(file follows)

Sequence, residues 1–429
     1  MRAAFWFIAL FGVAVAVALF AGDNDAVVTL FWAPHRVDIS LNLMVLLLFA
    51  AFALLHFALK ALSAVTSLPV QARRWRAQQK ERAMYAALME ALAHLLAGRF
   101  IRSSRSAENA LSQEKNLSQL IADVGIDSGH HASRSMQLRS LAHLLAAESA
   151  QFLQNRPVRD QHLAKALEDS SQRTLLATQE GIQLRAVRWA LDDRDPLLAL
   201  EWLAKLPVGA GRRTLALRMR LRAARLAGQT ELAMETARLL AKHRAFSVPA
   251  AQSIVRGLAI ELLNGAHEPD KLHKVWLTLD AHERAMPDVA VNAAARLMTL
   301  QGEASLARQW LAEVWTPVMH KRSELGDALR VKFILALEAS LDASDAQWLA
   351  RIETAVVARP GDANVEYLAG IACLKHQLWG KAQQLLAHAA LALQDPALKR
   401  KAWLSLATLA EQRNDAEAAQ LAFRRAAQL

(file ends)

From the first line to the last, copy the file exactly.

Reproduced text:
Sequence, residues 1–429
     1  MRAAFWFIAL FGVAVAVALF AGDNDAVVTL FWAPHRVDIS LNLMVLLLFA
    51  AFALLHFALK ALSAVTSLPV QARRWRAQQK ERAMYAALME ALAHLLAGRF
   101  IRSSRSAENA LSQEKNLSQL IADVGIDSGH HASRSMQLRS LAHLLAAESA
   151  QFLQNRPVRD QHLAKALEDS SQRTLLATQE GIQLRAVRWA LDDRDPLLAL
   201  EWLAKLPVGA GRRTLALRMR LRAARLAGQT ELAMETARLL AKHRAFSVPA
   251  AQSIVRGLAI ELLNGAHEPD KLHKVWLTLD AHERAMPDVA VNAAARLMTL
   301  QGEASLARQW LAEVWTPVMH KRSELGDALR VKFILALEAS LDASDAQWLA
   351  RIETAVVARP GDANVEYLAG IACLKHQLWG KAQQLLAHAA LALQDPALKR
   401  KAWLSLATLA EQRNDAEAAQ LAFRRAAQL